Prescription drug abuse is a global ailment, and it is particularly severe in the United States. Though drug abuse is not limited to an age bracket, the majority of adults in drug abuse rehabilitation programs report drug (or alcohol) use before the age of 17, leaving teenagers particularly vulnerable to the drug abuse crisis.
The younger population falls most susceptible to drugs due to media depictions, anxiety or depression, escapism, self-medication, performance pressure, and social influence. Understand more about the detrimental fate of prescription drug abuse, and how to combat it in your practice, by reading along below.
8 Prescription Drugs Abuse Statistics:
- More than 15 million people abuse prescription drugs in the US
- Twenty-five percent of people who misuse prescription drugs by age 13 end up with a drug addiction later in life
- More people in the US abuse prescription drugs than the combined number of people in the US who abuse cocaine, hallucinogens, inhalants, and heroin
- Prescription drug abuse leads to more deaths than any other type of drug overdose
- Every day, 2,500 teenagers (12 to 17) in the United States cause a prescription pain reliever for the first time
- As of 2005, the average age of first-time drug users in the US is 13-14
- Prescription drug use is second only to marijuana in illicit drug use
- The US consumes about 80 percent of the world’s prescription opioid drugs (while making up only 5 percent of the total world population)
Which Prescription Drugs Are Most Commonly Abused?
The drugs most commonly abused by people the United States are separated into four categories:
- Painkillers (opioids)
Prescription opioid drugs (painkillers) are by now a famous problem plaguing, not only the United States but the entire world. While recent studies have shown a slight decline in prescription availability and problems with overdoses, opioids still account for the largest percentage of deaths caused by prescription drug abuse.
3 Prescription Drugs Abuse Facts You Should Know
- Over half of teens believe that prescription drugs are safer than street drugs. While prescription drugs might be safer in the context of knowing their contents, prescription drugs lead to more deaths than by the combined number of deaths of street drugs, including cocaine, heroin, and methamphetamine.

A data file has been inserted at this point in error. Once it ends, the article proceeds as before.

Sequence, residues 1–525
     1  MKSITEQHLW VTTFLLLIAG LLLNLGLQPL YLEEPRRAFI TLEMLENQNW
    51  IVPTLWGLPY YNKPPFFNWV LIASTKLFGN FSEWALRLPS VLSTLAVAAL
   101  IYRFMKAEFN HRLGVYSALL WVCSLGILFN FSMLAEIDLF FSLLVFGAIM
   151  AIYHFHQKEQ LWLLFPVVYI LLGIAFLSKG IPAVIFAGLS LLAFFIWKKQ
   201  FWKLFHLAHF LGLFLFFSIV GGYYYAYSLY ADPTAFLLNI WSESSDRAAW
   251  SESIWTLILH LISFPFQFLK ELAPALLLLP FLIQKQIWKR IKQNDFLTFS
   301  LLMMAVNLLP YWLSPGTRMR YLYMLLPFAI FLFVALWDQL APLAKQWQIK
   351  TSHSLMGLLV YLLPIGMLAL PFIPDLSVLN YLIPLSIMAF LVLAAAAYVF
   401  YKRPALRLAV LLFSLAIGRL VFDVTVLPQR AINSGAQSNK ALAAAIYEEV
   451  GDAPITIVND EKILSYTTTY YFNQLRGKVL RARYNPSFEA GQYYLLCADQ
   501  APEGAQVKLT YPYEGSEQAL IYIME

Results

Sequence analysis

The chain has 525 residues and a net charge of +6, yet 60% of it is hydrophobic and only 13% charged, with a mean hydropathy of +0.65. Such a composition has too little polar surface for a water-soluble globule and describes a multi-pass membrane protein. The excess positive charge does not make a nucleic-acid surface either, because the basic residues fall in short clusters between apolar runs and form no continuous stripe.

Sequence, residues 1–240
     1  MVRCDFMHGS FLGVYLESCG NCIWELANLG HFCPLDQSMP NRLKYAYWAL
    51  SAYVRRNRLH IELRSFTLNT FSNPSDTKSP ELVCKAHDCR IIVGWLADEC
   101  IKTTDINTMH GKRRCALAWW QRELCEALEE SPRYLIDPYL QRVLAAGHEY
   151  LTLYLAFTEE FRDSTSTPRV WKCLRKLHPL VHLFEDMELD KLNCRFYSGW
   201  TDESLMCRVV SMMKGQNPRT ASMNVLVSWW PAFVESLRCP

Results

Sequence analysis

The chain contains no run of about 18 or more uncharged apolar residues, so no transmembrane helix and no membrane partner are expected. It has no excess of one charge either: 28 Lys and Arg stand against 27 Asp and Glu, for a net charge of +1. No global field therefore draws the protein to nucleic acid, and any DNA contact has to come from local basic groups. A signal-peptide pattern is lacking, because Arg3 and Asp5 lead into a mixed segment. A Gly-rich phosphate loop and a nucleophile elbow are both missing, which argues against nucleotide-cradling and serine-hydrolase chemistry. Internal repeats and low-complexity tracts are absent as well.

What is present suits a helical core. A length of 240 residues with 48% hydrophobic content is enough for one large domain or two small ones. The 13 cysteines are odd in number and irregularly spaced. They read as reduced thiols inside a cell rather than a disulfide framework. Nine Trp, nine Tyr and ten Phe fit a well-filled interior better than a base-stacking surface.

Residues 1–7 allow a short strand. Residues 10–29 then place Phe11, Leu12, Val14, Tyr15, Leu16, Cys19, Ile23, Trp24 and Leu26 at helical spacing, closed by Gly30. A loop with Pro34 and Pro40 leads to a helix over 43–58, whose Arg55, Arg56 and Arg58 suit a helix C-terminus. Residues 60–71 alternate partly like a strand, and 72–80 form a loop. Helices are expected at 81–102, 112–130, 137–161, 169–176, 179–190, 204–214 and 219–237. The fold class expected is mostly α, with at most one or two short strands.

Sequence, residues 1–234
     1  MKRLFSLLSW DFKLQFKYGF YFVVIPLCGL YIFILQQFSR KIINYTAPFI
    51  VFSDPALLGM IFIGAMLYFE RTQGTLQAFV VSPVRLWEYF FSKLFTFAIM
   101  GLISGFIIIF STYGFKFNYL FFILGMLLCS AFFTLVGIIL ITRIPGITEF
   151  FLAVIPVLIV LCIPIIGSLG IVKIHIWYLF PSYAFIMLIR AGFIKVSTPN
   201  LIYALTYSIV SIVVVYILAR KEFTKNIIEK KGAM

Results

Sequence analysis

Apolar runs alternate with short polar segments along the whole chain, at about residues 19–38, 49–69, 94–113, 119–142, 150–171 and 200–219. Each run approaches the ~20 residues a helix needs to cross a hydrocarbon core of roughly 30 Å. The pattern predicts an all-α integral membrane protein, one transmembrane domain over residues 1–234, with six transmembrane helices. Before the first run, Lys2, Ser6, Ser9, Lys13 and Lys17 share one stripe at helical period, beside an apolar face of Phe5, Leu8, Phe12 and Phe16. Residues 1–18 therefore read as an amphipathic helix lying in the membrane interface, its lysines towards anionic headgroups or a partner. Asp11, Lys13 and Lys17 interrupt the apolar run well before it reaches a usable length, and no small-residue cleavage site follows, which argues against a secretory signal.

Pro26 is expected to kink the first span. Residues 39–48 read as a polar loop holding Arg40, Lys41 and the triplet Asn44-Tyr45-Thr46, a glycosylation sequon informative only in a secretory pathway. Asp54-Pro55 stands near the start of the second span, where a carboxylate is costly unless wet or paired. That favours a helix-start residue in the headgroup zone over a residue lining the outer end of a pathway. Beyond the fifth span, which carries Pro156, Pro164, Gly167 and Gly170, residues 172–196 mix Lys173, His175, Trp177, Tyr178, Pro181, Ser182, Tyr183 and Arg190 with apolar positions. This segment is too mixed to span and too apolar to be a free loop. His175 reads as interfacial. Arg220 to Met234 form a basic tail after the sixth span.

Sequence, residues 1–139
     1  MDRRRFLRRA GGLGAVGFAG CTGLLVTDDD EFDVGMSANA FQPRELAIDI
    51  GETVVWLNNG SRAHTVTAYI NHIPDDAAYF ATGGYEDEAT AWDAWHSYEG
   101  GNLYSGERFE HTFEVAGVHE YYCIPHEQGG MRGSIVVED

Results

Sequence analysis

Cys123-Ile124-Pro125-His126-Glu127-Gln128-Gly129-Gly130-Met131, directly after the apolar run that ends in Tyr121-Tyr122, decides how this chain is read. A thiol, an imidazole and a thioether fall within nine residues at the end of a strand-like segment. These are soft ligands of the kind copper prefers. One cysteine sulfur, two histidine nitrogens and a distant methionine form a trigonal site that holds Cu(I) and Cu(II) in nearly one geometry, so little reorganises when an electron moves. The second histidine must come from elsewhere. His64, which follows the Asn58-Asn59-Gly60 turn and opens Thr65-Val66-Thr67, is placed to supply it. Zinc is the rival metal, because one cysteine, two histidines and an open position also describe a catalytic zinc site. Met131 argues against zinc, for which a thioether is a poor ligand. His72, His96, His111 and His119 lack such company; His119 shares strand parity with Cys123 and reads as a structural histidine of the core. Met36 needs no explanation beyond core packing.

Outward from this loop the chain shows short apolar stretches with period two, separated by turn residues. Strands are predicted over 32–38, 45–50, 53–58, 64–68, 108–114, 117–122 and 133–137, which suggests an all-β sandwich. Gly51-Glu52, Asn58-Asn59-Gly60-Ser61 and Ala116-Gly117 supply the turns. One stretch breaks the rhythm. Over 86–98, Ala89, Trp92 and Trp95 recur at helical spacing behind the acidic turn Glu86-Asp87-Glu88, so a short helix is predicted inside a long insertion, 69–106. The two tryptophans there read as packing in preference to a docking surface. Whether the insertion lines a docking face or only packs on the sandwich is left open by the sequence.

- Doctors are not the party to blame. In fact, in 2013, over 50 percent of painkiller abuses were sourced (for free) from a friend or relative.
- Opioids lead to heroin. Heroin has repeatedly shown to be the next drug of choice when an opioid prescription runs out or becomes too expensive.
Implementing Drug Awareness in Your Practice
Are your patients aware of the global statistics on drug abuse? If not, you can help keep them informed, healthy, and drug-free by implementing digital drug awareness programs in your practice.
Keep Patients Informed
Consider optimizing your patient portal with a mobile-friendly app, within which patients can learn and be reminded about the potential addiction to prescription drugs.
Prescription Drug Monitoring Programs (PDMPs)
Did you know that all 50 states have a prescription drug monitoring program, to track all in-state prescriptions? If you are not yet utilizing this program, you can get on board with your local PDMP.
Transcribe Patient Notes
Additionally, you can tailor physician-patient dialogue to uncover any addiction tendencies or developments, and analyze this data in your transcribed patient notes.
Why transcribe notes? By automating the note-taking experience, physicians can spend more quality time with patents, to uncover any developing problems, and more accurately monitor their individual progress through treatment, keeping a tactful eye on prescription dosage and duration. Additionally, digital notes can be analyzed for data surrounding prescription drug use, duration, and any attached problems.
Learn more about drug awareness, abuse, and how to avoid problems in your practice. Reach out to our incredible team at Mercedes Transcription, and get started with our transcription services, today!